Even though Wrede’s questions are geared toward science fiction writers, any fiction writer should be able to answer most of these questions about his or her story. Some of the topics Wrede lists that are important to any story are:
- Arts and Entertainment: Do your characters go to the opera or the drive-in?
- Architecture: Do your characters live in a Georgian mansion or a condo?
- Calendar: Do your characters celebrate Lammas or Groundhog Day?
- Daily Life: Do your characters spend their day on the family farm or working in a cubicle?
- Fashion and Dress: Are your characters more comfortable wearing silk or denim?
- Transportation and Communication: Do your characters travel by horse-and-buggy or car?
One of the best way to reveal or illustrate your setting is to dish out information about your setting in small amounts. Several paragraphs in a row describing the setting will very likely be skipped over by the reader because exposition and description interrupt the plot and slow the pacing of the story. So keep it short.
Remember to only mention details that serve one of the four purposes above. If it doesn’t advance the plot, unify disparate plot pieces, increase tension, set mood or demonstrate character — cut it out. It’s hard, but your story will be better for it.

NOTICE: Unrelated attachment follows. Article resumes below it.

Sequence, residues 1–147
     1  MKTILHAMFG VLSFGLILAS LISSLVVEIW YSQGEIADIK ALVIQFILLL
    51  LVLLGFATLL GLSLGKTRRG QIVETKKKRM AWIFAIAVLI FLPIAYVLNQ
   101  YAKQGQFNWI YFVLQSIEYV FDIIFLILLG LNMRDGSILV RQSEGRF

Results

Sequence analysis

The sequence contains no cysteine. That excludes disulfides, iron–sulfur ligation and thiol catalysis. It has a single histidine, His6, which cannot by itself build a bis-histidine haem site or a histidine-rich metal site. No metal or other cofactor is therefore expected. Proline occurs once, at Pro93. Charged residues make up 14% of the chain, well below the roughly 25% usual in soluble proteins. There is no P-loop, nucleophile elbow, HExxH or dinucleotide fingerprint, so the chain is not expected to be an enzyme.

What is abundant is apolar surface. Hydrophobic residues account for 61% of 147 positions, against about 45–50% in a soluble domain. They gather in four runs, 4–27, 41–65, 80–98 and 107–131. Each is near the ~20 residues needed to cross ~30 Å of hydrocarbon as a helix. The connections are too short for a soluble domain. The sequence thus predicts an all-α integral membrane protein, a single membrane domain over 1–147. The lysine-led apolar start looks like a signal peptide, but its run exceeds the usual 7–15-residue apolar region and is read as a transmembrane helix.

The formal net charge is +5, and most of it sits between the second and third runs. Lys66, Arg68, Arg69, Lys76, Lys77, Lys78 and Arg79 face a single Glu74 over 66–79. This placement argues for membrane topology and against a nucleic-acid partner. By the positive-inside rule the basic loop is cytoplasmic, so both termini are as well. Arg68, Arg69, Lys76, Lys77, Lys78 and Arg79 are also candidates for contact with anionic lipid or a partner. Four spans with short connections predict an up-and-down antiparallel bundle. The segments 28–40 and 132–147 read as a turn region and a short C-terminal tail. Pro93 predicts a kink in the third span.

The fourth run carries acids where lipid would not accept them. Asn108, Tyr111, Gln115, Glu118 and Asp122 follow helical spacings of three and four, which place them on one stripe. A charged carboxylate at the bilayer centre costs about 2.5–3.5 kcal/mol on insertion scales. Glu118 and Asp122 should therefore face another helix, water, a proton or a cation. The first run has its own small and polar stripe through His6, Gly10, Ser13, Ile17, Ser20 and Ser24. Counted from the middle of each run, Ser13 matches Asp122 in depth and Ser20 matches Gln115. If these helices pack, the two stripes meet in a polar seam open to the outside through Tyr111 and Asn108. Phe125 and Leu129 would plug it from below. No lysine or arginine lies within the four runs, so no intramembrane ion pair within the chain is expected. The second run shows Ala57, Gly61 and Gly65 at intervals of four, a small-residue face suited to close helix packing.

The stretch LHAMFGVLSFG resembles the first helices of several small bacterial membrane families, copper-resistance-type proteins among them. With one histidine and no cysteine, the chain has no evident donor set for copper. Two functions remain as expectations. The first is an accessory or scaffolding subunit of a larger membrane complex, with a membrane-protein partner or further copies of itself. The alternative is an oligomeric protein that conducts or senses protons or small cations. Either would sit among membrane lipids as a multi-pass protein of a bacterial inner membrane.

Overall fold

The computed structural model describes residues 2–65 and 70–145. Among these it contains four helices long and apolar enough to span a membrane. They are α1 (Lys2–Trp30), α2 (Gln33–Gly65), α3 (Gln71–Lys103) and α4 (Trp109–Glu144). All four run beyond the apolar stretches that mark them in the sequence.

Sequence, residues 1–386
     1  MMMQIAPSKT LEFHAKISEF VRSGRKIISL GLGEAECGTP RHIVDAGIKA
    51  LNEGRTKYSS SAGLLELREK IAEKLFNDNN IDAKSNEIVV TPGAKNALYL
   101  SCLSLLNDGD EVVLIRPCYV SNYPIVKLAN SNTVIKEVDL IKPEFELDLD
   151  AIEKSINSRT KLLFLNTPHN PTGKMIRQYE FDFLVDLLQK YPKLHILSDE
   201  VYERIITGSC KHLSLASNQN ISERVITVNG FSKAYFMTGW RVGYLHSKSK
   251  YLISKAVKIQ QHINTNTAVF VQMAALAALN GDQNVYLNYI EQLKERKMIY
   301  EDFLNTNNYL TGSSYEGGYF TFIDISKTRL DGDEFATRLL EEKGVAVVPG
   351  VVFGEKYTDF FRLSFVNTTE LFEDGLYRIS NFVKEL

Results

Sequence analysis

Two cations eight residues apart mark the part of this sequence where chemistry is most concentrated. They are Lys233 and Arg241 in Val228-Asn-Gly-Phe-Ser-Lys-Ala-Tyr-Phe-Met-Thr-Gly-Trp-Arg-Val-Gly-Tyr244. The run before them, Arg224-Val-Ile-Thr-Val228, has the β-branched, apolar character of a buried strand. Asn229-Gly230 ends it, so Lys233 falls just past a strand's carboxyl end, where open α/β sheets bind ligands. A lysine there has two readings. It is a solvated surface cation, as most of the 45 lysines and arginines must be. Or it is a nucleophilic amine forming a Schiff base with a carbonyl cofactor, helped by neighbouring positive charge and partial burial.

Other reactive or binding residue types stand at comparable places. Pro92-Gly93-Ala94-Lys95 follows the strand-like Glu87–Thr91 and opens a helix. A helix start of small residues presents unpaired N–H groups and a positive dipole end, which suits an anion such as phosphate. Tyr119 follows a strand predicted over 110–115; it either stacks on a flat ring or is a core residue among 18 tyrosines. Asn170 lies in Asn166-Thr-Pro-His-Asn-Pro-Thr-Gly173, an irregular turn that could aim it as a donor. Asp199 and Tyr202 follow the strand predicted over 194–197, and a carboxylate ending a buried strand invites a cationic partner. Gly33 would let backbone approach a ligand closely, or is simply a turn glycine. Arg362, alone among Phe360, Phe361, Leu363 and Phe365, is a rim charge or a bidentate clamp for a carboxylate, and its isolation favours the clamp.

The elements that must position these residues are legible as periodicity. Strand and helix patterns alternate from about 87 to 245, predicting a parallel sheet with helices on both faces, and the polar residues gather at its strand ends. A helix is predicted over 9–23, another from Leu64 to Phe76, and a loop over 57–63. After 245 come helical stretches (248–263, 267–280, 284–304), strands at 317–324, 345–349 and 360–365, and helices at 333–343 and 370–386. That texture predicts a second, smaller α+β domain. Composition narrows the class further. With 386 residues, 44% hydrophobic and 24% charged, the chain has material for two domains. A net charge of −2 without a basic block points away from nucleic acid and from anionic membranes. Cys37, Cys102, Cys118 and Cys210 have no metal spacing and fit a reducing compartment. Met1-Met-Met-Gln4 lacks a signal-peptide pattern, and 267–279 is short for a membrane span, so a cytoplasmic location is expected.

Kim Kay suggests beginning with the five senses by choosing a scene from the story and sprinkling it with scents, light angles or how something feels against the skin. We experience our world through our senses and so should your reader. According to Diane Ackerman in A NATURAL HISTORY OF THE SENSES:
"Most people think of the mind as being located in the head, but the latest findings in physiology suggest that the mind doesn’t really dwell in the brain but travels the whole body on caravans of hormone and enzyme, busily making sense of the compound wonders we catalogue as touch, taste, smell, hearing, vision."
DISCUSSION & EXERCISES
1) From Patricia C. Wrede’s Worldbuilder Questions, answer questions in three categories. If you having trouble choosing, try starting with Arts and Entertainment, Daily Life and Transportation and Communication.
2) How does the setting in your story affect your plot? Your characters? Does your main character have a special attachment to a specific area or house/building? Why?
3) What social or religious traditions do your characters practice and why?
4) Choose a scene from your story and incorporate one detail about each of the five senses. Does your character notice any particular scent? How do her clothes feel against her skin? Is the light bright or dim? If she’s eating, what does the food taste like? Are there any important noises in the scene?
5) How were you shaped by where you grew up or where you live now?
6) Can you think of a story or movie that is fundamentally tied to it’s setting?
Ackerman, Diane. A Natural History of the Senses. Random House, 1991.
Bickham, Jack. The Elements of Fiction Writing: Setting. Writers Digest Books, 1993.
Kay, Kim. ‘It’s Your World: Setting Your Novel,’ Suite 101, http://www.suite101.com/article.cfm/novel_writing/13665
Reid, Joanne. Write a Novel in 10 Weeks: Characters & Setting, http://www.reporters.net/jbreid/novel10/three10weeks.htm